Scottish ministers have finally approved proposals to build a massive windfarm in north Sutherland with the capacity to power more than 35,000 homes.
Energy Minister Fergus Ewing announced yesterday that the government had signed off plans to erect 33 turbines in a forest south of Strathy, near Thurso – nearly five years after they were submitted.
The 2,3467-acre development, which will generate 75.9 megawatts of electricity – enough to power nearly twice the number of homes in Inverness – will creat up to 100 jobs in the area during the construction period.
Longer-term jobs will also be created during the 25-year lifespan of the windfarm.
Construction will start in the next 12 months.
Operator Scottish and Southern Energy (SSE) has agreed to create a £4.7million fund to pay for so-called community benefit projects as part of planning consent.
The announcement comes a day after it emerged that the world’s biggest offshore windfarm is to be build in the outer Moray Firth.
Uup to 1,400 people could be involved in the construction of more than 200 turbines about 14 miles off the coast of Caithness. The windfarm approved yesterday is one of three planned for Strathy – potentially making it the hub for one of the biggest conglomerations of wind turbines in the UK. The planning application had attracted more than 160 letters of objection.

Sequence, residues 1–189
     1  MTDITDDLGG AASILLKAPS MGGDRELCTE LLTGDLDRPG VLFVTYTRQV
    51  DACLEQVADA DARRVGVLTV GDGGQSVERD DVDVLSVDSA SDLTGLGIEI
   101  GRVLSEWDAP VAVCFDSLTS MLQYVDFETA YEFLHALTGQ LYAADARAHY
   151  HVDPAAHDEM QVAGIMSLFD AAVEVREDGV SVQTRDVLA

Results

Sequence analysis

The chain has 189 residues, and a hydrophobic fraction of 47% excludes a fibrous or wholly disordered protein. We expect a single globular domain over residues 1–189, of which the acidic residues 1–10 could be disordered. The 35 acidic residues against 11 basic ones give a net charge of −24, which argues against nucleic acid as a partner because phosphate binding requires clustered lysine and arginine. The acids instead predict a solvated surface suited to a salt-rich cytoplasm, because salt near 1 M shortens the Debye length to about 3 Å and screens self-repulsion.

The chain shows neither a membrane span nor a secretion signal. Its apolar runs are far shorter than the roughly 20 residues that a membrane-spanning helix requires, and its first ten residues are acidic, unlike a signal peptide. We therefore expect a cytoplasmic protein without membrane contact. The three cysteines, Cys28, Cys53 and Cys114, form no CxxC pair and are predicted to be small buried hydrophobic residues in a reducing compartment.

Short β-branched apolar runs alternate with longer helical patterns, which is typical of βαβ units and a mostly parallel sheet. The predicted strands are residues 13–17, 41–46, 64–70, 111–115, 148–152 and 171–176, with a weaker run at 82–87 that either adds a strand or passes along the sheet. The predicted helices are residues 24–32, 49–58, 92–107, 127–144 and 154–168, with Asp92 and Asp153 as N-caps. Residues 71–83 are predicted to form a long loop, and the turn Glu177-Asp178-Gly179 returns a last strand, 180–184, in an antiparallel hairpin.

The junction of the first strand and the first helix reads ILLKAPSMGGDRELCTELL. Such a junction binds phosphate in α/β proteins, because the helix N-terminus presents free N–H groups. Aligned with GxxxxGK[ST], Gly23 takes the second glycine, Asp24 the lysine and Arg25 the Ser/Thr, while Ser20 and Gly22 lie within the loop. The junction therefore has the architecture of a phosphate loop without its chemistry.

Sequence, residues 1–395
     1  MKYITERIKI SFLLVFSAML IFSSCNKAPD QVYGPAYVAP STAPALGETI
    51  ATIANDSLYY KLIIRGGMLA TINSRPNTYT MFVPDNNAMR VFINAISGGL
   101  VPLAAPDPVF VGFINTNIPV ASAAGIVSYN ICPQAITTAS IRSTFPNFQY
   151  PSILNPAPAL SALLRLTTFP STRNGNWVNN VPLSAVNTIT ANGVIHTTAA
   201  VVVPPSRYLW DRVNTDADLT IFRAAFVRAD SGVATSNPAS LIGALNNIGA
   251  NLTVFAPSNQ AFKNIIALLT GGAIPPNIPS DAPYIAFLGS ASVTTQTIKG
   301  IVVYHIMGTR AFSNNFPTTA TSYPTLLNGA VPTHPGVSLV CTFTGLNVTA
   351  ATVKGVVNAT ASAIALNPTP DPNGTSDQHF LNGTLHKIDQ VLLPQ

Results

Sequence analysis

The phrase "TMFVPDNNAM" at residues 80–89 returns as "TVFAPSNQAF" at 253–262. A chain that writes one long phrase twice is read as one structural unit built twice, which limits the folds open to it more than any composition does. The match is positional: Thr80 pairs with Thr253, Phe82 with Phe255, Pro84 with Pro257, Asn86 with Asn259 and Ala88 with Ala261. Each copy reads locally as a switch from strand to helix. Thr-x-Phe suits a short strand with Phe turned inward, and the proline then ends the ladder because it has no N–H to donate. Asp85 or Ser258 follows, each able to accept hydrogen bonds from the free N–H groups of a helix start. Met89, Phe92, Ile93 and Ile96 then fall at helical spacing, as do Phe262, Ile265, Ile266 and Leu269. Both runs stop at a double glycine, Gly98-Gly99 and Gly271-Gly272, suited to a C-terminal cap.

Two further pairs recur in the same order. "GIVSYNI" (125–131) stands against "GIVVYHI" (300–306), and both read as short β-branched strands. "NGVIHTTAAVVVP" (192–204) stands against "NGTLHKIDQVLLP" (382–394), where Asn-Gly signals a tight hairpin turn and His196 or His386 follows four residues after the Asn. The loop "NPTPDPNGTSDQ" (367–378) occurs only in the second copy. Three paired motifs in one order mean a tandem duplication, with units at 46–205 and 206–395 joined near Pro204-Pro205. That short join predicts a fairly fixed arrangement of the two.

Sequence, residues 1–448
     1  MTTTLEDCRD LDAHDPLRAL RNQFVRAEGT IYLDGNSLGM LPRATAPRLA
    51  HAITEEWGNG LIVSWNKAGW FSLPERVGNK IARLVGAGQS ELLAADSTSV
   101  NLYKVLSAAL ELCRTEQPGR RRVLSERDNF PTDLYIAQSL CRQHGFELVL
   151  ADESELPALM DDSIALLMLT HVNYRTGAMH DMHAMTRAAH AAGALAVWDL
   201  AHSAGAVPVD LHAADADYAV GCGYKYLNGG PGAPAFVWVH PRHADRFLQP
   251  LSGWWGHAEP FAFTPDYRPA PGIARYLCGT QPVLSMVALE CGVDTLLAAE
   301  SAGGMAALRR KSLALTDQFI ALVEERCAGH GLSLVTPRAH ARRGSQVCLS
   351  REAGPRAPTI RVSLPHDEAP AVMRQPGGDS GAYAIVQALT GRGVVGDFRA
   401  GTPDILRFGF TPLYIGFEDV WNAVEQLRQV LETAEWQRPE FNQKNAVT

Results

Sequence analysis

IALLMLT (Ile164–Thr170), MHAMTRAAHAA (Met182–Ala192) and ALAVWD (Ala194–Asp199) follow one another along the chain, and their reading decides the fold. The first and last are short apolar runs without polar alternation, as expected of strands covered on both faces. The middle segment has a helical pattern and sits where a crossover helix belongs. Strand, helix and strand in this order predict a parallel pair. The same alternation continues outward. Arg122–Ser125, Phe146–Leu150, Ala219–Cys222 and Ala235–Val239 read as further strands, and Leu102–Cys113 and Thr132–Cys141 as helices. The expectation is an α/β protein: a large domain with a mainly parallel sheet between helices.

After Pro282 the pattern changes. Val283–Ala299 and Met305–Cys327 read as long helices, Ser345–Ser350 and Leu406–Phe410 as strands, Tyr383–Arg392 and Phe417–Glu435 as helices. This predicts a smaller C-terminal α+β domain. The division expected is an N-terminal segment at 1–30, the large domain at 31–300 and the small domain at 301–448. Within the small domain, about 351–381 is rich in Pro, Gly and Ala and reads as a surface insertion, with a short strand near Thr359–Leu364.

SSE is seeking approval for a 77-turbines meat nearby Strathy South and developer E.on has submitted plans for an 84MW scheme, involving up to 28 turbines, on ground between the SSE sites.
If all three get the go-ahead, the area would be home to 138 turbines – two fewer than Europe’s biggest onshore windfarm at Eaglesham Moor, south of Glasgow.
Mr Ewing, MSP for Inverness and Nairn, said: “The Strathy north site is expected to create jobs during construction and will represent a significant boost to the local economy.
“Once it is up and running, the windfarm will save thousands of tonnes of carbon dioxide each year, and will produce enough electricity to power more than 35,000 homes.
“In consenting this application, I have put in place a series of conditions to protect the outstanding natural habitats and landscapes and local communities.”
Mr Ewing said the windfarm would help the country reach its target ofmeeting the equivalent of 100% of electricity demand from renewables by 2020.
SSE director of onshore renewables David Gardner said: “We welcome the decision from Scottish ministers on Strathy North windfarm and all the support we have received from local communities.
“Work to address the conditions associated with the consent will now take place and we are aiming to start construction within the next 12 months.
“During this time, we will be engaging with communities ahead of the construction phase, when we hope to build on the good community relations and exemplary record we have built up during the construction of the Gordonbush windfarm near Brora.”
Strathy and Armadale Community Council chairwoman Janettemackay said: “This is great news for the community aswe believe this project will bring significant benefits to the area.
“There will be job opportunities, including potential for the young people, community-benefit funds and other work that SSE has offered to undertake to help address local road- safety issues.”
Caithness, Sutherland and Ross SNP MSP Rob Gibson said he was pleased the community would benefit from the windfarm.
“In a time when recession is hitting near enough every part of the globe, then the jobs that this development will create and the benefit to the community will provide much-needed sustenance,” he said.
|Wind Watch relies entirely
on User Funding